The Divine Hours of Lent

Friday, by long-standing tradition, is the day of the week assigned, every week, to particular penance and to fasting for the faithful. Just how many observant Christians still fast in some way on Friday nobody knows, nor does it matter much in general terms. But almost all Christians have some sense that Friday is, next to Sunday, a bit “set aside” or “different.”
Whether such is consciously articulated or not, there is a feeling on Fridays of “looking back,” be it simply upon a work-week or, more particularly, on a course of conduct. Either way, the whole thing amounts to a kind of summarizing process. And any human being who summarizes, inevitably discovers something to regret or outright repent of, whether the matter be one of some foolish mistake or one of outright sin. It is the sin that really gets us, and especially during Lent.
Most of us are a bit edgy about sin…not that we don’t believe in it. God knows, one doesn’t have to be an observant anything to perceive that as a species we sin with enormous frequency and enthusiasm. For contemporary Christians and especially during Lent, however, the problem is not so much the business of sin itself as it is the question of how we are, and came to be, forgiven. Or put in church-ese, the question is that of the Atonement. How are we to understand this great gift which Easter celebrates. What metaphor shall we use in order to grasp correctly the nature of what has been given, as well as of the Giver?
Put another way, the question is, did God deliberately sacrifice His Son because there was no other way open to the Father by which to redeem the creation? Did He choose to substitute Himself in order to satisfy conditions and rules of justice and reparation that He had Himself established? Was God then bound by His own constructs? Or is the Easter Story to be understood as necessary for us humans in order for us to understand that there is always life, that though contoured and assaulted, it can not be destroyed, and that we must shape our lives as being those who will be always and forever. Or is the Easter story really a recognition that in our benightedness, we could only understand and receive a scapegoat as proof of our release from sin? Or….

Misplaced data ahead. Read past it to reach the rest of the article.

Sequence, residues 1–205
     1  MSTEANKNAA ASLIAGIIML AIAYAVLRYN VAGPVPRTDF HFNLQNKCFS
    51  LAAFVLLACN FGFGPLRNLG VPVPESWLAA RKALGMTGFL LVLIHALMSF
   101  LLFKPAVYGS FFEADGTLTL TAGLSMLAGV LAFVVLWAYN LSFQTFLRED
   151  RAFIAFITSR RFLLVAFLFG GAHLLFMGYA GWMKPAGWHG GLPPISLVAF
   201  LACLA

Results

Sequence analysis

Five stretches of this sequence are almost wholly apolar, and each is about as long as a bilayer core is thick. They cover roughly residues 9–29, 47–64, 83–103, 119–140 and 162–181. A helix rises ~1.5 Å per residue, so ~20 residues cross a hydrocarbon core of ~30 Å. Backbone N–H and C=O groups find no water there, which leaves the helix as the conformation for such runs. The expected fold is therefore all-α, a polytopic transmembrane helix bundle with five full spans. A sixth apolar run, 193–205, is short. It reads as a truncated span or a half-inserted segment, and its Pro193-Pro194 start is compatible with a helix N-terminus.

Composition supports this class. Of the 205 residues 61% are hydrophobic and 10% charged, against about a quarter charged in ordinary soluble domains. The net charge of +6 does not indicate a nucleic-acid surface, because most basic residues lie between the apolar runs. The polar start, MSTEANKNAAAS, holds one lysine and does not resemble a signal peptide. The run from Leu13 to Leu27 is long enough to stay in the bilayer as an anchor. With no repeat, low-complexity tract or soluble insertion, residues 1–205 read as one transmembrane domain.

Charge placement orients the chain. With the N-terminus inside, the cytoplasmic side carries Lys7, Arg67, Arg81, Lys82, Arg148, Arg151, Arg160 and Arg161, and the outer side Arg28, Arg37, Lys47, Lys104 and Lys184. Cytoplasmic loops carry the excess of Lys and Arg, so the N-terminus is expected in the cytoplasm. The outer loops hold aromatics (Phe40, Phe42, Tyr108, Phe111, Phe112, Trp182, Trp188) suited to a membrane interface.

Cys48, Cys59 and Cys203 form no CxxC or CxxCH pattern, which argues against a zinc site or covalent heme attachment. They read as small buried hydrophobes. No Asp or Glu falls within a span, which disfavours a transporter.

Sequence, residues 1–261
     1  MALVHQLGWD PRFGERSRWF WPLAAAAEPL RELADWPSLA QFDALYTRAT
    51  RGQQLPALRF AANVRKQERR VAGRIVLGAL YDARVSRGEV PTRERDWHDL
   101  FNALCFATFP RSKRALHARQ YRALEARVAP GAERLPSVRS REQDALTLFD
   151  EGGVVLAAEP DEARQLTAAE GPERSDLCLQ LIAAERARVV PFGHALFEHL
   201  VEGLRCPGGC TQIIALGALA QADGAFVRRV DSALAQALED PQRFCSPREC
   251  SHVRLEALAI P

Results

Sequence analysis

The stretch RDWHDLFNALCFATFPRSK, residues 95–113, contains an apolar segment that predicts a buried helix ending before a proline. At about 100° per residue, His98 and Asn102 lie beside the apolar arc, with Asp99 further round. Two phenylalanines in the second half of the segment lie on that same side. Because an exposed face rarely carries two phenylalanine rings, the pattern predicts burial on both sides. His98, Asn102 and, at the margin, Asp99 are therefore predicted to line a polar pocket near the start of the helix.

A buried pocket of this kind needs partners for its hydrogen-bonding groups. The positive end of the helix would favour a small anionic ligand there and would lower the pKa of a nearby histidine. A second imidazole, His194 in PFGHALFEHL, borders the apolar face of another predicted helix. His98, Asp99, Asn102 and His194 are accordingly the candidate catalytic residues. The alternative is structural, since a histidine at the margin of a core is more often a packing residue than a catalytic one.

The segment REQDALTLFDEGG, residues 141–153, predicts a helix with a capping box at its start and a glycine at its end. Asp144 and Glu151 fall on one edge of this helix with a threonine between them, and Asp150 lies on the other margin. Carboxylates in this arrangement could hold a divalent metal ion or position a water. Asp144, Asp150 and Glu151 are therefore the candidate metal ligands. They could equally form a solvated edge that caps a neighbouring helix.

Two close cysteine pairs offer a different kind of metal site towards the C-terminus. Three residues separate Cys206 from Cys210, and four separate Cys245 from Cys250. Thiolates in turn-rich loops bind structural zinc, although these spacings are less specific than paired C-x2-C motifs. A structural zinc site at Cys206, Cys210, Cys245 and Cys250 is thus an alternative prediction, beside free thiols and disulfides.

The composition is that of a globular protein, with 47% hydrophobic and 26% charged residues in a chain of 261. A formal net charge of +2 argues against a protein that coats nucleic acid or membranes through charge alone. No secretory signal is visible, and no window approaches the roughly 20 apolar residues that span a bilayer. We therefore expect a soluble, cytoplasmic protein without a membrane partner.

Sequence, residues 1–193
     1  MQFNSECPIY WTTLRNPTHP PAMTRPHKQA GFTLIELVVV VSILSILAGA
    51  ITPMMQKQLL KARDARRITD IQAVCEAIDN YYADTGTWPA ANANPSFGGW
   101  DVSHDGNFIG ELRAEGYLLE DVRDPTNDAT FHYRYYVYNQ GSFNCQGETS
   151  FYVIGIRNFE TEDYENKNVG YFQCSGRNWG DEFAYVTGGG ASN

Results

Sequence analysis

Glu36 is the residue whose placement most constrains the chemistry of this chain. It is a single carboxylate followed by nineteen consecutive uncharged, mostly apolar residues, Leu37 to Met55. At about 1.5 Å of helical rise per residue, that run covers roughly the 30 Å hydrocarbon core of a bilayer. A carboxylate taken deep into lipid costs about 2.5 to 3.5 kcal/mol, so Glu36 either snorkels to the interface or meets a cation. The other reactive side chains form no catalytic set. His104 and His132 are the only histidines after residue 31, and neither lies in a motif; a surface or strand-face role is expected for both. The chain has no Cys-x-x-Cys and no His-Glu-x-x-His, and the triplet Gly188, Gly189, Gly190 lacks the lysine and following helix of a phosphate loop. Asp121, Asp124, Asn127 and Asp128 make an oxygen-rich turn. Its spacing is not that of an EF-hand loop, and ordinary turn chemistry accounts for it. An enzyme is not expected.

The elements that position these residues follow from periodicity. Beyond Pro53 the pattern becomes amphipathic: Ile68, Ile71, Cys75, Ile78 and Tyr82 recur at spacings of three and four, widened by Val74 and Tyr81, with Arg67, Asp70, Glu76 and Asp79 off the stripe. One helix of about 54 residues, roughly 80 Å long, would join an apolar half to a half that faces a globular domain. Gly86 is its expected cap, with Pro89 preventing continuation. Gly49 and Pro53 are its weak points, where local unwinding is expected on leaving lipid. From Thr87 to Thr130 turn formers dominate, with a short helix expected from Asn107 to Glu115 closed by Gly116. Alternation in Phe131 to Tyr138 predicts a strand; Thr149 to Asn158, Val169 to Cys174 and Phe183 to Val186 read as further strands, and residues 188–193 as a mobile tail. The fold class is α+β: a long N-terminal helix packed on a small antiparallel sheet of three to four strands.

The list goes on. There are some good half dozen or so accepted and earnestly-argued theories and metaphors for trying to articulate what Easter is all about and the divine mechanisms behind it. There are probably another half-dozen or so heterodox or just plain unorthodox ones that are also earnestly argued. The truth is that as an evolving community, we Christians have never really all arrived at one set, totally agreed upon, answer to the questions that the Mystery invites and abounds in. The other truth is that ultimately each one of us has either to decide what he or she thinks or else consciously to decide not to decide. And no one is more aware of that dilemma than is emergent or emerging Christianity. So it is that last week, did a bold, but logical thing.
If you go–and I hope you will–to and input “Atonement Metaphors–A Contest,” you will find not only a succinct and very cogent overview of the problem along with some aids to studying it, but also an invitation….an invitation to consider deeply this Lent the metaphor that most completely or purely or accurately for you, captures and conveys the heart-truth of the crucifixion of Our Lord and your place in it. You will see as well that those who wish to do so, are invited to share their discoveries with other Christians by posting them, in whatever form or medium, on the emergentvillage site.
And five weeks from today, on Good Friday, a group of pastors and theologians–a panel of judges, if you prefer–after studying all the postings, will announce “the winner” and three “runners-up.” Why? Because we human beings are going to establish the central piece of our theology by a contest or votes on a web site? No! Heavens, no! But because at least some of us are going to force ourselves to think deliberately, to expose our confusion candidly, and hopefully–prayerfully–to grow nearer to the real Metaphor by sharing with one another the partial truths each of us has found during this Lent, 2008.

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